Race and ethnic studies requirement would prepare students to 'become better citizens'

Group of four students sitting on plaza steps in conversation

In the wake of the 1960s civil rights movement, ethnic studies emerged as a discipline in direct response to student and faculty demands for scholarship that critically examined the histories, cultures, lived experiences and struggles of people of color on their own terms.

Fifty years later, as the country faces yet another national reckoning on race and racism, it's become increasingly necessary that students graduate with an in-depth study of race, ethnicity and systemic oppression, says a group of Portland State faculty who put forward a proposal for a campus wide Race and Ethnic Studies requirement starting in fall 2022. 

"Our students really need the tools to be able to understand and engage in these kinds of discussions not only during their time at PSU, but also once they leave PSU," says Lisa Weasel, chair of Women, Gender and Sexuality Studies. "We're preparing our students to go out into this world where this is a critical challenge. We see it in the streets, we hear it from our leaders. Students from all backgrounds and experiences need these courses."

The proposed two-course requirement, which is expected to go up for a Faculty Senate vote on May 3, has been designed to equip students with an understanding of how historically rooted and ongoing racism affects institutions in Oregon, the U.S. and the world. 

Students would choose from a list of approved courses that could simultaneously be used to fulfill major, minor, University Studies and/or elective requirements — meaning students won't have to take additional credits for graduation.

One course would focus on the systems, institutions, histories and practices of exclusion in relation to Black, Indigenous, Latinx, Asian and Pacific Islander groups in the U.S. The other course would focus on the impact of European and U.S. colonialism on racial and/or ethnic groups outside of the U.S. 

The group says the key is that all courses center the experiences, pedagogies and methods of BIPOC communities in the curriculum.

"Content alone isn't enough," says Ethan Johnson, chair of Black Studies and lead author of the proposal. "You can't just have a survey of subjects without critically examining them from a Black, Indigneous or Chicano/Latino perspective. You need people with the expertise in ethnic studies to help students process what those things mean and engage them in ways that people have been trained to do."

A Faculty Senate Race and Ethnic Studies Requirement committee would be tasked with reviewing courses for the requirement. Many of the courses would be housed or cross-listed with SGRN, but faculty across campus would have the opportunity to develop courses that align with the requirement. President Stephen Percy, Provost Susan Jeffords and College of Liberal Arts and Sciences Dean Todd Rosenstiel have pledged $357,000 to fund summer workshops for 90 faculty members from departments across campus over three years. 

Johnson says the proposal offers PSU an opportunity to engage with race and ethnicity in a substantive and meaningful way, and align its resources with what the university says are its values and priorities. Percy has repeatedly said that his highest priority is sustaining and amplifying the university's commitment to racial justice.

The hope is that the requirement would not only help students access the important content and subject matter offered in the historically underfunded units in SGRN and increase demand for these courses, but that it would also encourage departments across campus to prioritize hires who bring a background of race and ethnic studies to their disciplines.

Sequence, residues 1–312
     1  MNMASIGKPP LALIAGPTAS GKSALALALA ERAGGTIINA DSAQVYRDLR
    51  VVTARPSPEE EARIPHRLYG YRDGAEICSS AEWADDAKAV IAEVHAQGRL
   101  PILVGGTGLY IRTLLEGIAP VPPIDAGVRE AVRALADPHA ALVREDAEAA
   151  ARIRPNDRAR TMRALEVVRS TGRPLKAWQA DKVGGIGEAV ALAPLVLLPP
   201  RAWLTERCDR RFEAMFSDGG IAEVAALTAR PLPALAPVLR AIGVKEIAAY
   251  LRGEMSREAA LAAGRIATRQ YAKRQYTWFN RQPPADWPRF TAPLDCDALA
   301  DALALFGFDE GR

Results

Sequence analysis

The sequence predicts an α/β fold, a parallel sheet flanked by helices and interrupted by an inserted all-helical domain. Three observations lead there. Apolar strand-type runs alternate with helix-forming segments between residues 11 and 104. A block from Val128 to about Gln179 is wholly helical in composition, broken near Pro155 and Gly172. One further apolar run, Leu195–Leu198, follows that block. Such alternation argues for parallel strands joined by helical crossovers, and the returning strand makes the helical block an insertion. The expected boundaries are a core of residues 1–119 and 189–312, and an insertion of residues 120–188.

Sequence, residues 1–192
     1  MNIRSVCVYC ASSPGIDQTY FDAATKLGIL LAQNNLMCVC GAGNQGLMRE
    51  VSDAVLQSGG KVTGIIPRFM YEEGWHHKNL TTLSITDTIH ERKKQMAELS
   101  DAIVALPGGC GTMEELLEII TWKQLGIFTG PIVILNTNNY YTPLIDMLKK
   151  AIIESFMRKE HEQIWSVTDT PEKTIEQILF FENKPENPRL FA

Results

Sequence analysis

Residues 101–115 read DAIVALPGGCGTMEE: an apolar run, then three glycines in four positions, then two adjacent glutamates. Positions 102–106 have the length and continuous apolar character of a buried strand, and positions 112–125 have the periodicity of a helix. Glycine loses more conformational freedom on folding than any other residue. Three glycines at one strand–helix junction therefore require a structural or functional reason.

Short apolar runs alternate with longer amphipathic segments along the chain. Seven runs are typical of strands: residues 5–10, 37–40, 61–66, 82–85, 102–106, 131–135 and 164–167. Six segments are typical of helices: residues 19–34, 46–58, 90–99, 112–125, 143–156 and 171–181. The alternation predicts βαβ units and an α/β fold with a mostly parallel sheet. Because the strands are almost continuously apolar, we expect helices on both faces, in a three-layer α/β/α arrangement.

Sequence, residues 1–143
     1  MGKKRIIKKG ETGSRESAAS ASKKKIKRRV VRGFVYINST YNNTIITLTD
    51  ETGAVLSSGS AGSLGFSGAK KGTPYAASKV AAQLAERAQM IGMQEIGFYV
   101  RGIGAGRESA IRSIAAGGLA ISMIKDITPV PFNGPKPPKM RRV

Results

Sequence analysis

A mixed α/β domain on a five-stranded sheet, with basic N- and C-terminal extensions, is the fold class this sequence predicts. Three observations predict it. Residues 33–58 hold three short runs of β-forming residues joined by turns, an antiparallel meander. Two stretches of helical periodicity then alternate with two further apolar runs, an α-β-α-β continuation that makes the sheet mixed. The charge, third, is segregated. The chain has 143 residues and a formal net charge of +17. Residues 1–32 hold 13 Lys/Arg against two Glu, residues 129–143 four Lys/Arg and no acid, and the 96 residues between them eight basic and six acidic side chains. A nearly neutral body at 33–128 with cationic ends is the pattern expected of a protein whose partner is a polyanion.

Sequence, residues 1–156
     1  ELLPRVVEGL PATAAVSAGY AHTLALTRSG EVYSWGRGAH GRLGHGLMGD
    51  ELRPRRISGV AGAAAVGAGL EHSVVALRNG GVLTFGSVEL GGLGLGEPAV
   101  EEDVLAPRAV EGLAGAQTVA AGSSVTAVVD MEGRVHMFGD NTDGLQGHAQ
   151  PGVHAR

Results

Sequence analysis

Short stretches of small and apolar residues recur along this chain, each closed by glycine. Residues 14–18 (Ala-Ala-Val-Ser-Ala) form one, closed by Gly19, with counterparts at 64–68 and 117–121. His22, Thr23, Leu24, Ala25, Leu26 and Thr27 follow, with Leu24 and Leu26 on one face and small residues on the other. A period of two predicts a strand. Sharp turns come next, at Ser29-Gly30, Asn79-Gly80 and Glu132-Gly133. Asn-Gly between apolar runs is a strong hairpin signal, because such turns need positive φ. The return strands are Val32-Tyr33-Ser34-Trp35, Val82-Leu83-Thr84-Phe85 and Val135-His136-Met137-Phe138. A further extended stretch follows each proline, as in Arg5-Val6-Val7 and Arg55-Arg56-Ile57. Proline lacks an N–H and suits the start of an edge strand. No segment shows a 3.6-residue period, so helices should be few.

"They'll have to think about their next hires and think about the courses that fit into the requirement," Johnson said. "That could very well mean they have to hire BIPOC faculty who focus on these areas of study."

Ted Van Alst, chair of Indigenous Nations Studies and interim director of the School of Gender, Race and Nations, says the requirement is as essential as reading or math, especially as shifting demographics mean that America is on its way to becoming predominantly nonwhite.

"You have to understand your fellow citizens who are increasingly coming in from the marginalized to the center," he said. "This skill is something you can use every day as long as you live and work and travel in the world. We're helping our students become better citizens."

And students are asking for it. The student government passed a resolution in support of the requirement and set up a website, Liberation to Education PSU, to share resources and circulate a petition. 

Mamadou Fall, a senior international and global studies major and ASPSU's legislative affairs director, says the requirement would help bridge the gap of understanding between students of color and their white peers.

"We have seen, especially in our educational system, that there is a lack of representation of understanding from students from more privileged backgrounds not being able to understand the frustrations, concerns and trauma of people of color," Fall said. "This also provides an opportunity for students to better understand and advocate for what is right: justice, equality, diversity and inclusion."

The faculty group says the requirement would also build on the topics incoming PSU students will be learning in Oregon K-12 schools as part of the state's revised social studies curriculum around tribal history, holocaust and other genocides, and ethnic studies. 

"Our students coming into PSU will increasingly have this background and will want and need to continue that," Weasel said. 

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